PET scans create 3D images of the body at cellular level


Dear Doctors: My wife is 59 years old. She had COVID-19 but recovered. A recent chest X-ray shows a white patch on her lung. She doesn’t have a cough or a fever, and her pulmonologist wants her to have a PET scan. What is that? Are PET scans safe?

Dear Reader: A PET scan is a type of imaging test that creates 3D pictures of the interior of the body. The acronym stands for positron emission tomography. “Positron” refers to the subatomic particles involved in the test, and “tomography” means that the resulting images are presented as cross-sectional slices.

PET scans examine the tissues of the body at a cellular level. Because these tests can measure metabolic activity, such as oxygen use, blood flow and the rate at which specific areas of the body are using glucose, they are used to evaluate organ function and detect the onset of disease at an early stage. PET scans are commonly used to identify brain disorders, heart problems and cancers, and to evaluate the progress of cancer treatments.

The test begins with the injection of a small amount of a substance, such as glucose, oxygen, carbon or nitrogen, that is naturally used by the part of the body being examined. That substance, known as a tracer, has been tagged with a tiny amount of short-lived radioactive material that emits positrons. It takes about an hour for the tracer to circulate throughout the body, during which time the person is asked to rest quietly.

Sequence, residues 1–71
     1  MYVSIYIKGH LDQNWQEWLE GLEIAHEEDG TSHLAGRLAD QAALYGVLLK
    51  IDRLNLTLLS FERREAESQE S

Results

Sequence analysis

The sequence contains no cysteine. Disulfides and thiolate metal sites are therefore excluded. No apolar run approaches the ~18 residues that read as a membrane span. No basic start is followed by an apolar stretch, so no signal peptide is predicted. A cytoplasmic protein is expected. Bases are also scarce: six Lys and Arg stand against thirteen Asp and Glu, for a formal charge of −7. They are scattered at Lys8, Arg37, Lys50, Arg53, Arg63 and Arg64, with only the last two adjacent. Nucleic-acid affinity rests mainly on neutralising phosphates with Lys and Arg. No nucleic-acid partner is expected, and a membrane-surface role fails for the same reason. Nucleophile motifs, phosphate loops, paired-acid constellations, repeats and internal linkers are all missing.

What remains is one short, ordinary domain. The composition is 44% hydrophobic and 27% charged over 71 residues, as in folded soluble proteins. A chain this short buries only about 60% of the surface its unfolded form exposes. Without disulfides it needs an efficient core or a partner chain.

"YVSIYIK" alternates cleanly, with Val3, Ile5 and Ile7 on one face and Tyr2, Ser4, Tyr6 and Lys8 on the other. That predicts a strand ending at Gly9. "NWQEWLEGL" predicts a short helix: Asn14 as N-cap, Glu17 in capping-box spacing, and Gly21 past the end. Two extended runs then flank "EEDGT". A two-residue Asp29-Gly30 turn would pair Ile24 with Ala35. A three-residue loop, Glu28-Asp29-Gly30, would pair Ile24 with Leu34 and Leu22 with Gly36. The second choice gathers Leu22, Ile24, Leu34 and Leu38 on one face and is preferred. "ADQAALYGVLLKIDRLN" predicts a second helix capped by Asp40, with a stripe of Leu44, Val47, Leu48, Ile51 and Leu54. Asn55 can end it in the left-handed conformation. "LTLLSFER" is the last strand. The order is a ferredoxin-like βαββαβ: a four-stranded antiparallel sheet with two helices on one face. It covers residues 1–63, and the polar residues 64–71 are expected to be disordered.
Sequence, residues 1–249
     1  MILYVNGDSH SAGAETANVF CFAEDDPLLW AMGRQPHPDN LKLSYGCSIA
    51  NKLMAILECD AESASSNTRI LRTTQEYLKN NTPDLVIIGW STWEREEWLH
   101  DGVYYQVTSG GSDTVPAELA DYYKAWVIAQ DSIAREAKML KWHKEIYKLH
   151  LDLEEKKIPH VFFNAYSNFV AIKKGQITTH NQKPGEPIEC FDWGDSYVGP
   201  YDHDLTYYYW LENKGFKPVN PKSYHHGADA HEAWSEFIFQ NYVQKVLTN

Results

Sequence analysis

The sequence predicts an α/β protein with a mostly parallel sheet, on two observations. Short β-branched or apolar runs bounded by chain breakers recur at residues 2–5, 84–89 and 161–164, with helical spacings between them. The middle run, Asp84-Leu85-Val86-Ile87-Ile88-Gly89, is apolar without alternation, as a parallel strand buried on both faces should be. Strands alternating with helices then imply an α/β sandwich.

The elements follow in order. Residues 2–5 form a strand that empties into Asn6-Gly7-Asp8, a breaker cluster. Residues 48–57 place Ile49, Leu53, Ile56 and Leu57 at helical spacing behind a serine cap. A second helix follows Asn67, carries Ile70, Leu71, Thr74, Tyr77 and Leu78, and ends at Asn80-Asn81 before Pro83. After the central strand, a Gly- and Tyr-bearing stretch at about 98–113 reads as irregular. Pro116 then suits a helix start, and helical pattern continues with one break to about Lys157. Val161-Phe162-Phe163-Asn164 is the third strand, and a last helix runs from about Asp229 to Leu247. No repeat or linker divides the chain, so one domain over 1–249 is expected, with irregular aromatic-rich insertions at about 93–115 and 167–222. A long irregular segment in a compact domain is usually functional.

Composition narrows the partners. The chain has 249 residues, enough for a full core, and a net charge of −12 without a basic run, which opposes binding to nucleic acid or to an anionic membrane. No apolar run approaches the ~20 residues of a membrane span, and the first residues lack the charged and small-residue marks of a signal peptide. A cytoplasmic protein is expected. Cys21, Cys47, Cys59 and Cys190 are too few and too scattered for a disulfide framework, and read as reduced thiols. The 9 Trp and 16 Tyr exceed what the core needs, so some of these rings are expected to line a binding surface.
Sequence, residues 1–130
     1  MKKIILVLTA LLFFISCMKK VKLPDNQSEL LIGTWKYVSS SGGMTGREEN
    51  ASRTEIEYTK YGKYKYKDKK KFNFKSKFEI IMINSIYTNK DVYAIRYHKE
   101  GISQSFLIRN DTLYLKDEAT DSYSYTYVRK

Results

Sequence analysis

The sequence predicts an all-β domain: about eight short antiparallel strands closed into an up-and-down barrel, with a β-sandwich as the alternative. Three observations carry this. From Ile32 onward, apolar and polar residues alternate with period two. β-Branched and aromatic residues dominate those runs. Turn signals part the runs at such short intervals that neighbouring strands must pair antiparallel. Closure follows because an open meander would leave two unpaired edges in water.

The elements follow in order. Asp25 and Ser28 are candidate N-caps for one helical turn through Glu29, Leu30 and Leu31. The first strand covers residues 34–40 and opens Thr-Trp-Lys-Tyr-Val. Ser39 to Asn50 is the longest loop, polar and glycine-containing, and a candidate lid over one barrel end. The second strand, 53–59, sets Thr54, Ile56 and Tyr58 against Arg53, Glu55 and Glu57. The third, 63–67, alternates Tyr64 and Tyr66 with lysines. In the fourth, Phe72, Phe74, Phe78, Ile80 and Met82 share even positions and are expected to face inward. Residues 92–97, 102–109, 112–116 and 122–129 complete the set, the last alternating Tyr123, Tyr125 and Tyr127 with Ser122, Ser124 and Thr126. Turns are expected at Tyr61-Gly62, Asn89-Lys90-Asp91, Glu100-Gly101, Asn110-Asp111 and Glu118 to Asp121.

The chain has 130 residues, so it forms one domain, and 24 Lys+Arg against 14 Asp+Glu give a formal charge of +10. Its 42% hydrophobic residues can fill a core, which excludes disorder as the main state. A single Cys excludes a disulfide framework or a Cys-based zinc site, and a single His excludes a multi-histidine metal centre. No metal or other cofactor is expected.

Cancer cells use glucose at a higher rate than normal cells. When glucose is used as the base of a tracer, potential tumors appear brighter than the surrounding tissues in the resulting scan. However, slow-growing tumors, which don’t use glucose as quickly, may not appear at all. Using the other types of tracers, PET scans can identify blockages in the heart and cardiac vessels and highlight abnormalities in brain structure, as occur in Alzheimer’s disease, epilepsy or Parkinson’s disease.

The scan itself takes place using a machine that looks a bit like a series of large doughnuts with a bed sliding through them. The person lies on the flat bed and stays as still as possible as it slowly glides through the round opening. The doughnut contains cameras that detect and record emissions from the radioactive tracers. Multiple images are produced in slices, which are then compiled into a 3D picture of the body. These are used to aid in diagnosis and guide treatment. The scan itself takes 20 to 30 minutes.

PET scans are considered to be safe. The main risk arises from exposure to radiation during the test. That exposure is small, equal to about three years’ worth of natural background radiation. The injected radioactive substances have a very brief lifespan, measured in hours, and are completely excreted via the urine and feces within a day. Drinking fluids helps speed that process. If you or your wife are concerned, your doctor can let you know if a different scanning procedure may be an option.

(Send your questions to [email protected], or write: Ask the Doctors, c/o UCLA Health Sciences Media Relations, 10960 Wilshire Blvd., Suite 1955, Los Angeles, CA, 90024. Owing to the volume of mail, personal replies cannot be provided.)

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